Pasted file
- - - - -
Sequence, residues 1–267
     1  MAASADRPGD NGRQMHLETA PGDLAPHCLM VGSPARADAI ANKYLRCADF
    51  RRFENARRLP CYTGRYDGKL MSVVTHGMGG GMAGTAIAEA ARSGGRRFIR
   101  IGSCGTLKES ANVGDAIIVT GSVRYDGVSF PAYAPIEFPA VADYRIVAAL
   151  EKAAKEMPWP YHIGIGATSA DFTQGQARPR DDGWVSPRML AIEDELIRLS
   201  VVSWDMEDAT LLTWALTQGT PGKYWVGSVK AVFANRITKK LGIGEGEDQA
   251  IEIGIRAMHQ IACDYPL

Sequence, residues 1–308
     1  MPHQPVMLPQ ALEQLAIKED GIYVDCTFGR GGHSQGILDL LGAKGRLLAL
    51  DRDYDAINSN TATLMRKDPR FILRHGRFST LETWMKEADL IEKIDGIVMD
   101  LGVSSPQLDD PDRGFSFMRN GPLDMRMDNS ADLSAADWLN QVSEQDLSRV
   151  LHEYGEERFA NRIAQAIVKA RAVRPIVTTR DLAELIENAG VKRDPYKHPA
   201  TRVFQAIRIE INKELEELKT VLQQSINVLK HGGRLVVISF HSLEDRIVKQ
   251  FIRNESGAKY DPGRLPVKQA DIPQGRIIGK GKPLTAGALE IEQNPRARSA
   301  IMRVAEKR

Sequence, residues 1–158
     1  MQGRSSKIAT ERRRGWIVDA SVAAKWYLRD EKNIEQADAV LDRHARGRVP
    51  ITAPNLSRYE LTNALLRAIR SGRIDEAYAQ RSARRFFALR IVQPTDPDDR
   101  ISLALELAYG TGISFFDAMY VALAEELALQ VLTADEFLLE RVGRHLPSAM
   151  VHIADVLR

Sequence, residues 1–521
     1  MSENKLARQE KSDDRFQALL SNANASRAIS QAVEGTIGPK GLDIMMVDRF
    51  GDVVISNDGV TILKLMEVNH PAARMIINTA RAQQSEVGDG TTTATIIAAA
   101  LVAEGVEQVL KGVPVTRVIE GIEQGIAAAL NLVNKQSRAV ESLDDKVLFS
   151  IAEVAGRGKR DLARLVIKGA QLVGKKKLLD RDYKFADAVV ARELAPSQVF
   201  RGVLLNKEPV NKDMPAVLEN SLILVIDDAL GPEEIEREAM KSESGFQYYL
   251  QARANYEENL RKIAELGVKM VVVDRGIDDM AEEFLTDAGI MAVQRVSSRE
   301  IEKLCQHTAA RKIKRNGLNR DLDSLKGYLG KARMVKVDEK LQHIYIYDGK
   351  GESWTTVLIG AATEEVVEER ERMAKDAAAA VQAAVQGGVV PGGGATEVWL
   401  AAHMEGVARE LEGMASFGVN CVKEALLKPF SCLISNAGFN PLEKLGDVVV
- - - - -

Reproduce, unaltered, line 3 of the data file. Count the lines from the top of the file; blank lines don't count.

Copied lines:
    51  RRFENARRLP CYTGRYDGKL MSVVTHGMGG GMAGTAIAEA ARSGGRRFIR